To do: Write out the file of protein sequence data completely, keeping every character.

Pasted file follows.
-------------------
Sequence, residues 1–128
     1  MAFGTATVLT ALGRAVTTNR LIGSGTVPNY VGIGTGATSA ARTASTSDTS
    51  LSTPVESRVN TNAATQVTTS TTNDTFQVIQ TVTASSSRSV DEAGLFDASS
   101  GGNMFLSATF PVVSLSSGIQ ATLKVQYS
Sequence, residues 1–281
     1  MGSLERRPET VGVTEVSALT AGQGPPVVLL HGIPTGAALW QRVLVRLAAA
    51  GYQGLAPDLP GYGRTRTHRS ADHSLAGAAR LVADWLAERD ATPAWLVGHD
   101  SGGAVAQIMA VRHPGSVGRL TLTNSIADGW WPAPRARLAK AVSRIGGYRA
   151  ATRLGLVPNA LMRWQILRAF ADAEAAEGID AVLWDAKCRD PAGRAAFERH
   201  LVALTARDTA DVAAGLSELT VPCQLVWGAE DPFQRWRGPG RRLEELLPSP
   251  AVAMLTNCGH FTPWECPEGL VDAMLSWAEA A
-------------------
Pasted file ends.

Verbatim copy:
Sequence, residues 1–128
     1  MAFGTATVLT ALGRAVTTNR LIGSGTVPNY VGIGTGATSA ARTASTSDTS
    51  LSTPVESRVN TNAATQVTTS TTNDTFQVIQ TVTASSSRSV DEAGLFDASS
   101  GGNMFLSATF PVVSLSSGIQ ATLKVQYS
Sequence, residues 1–281
     1  MGSLERRPET VGVTEVSALT AGQGPPVVLL HGIPTGAALW QRVLVRLAAA
    51  GYQGLAPDLP GYGRTRTHRS ADHSLAGAAR LVADWLAERD ATPAWLVGHD
   101  SGGAVAQIMA VRHPGSVGRL TLTNSIADGW WPAPRARLAK AVSRIGGYRA
   151  ATRLGLVPNA LMRWQILRAF ADAEAAEGID AVLWDAKCRD PAGRAAFERH
   201  LVALTARDTA DVAAGLSELT VPCQLVWGAE DPFQRWRGPG RRLEELLPSP
   251  AVAMLTNCGH FTPWECPEGL VDAMLSWAEA A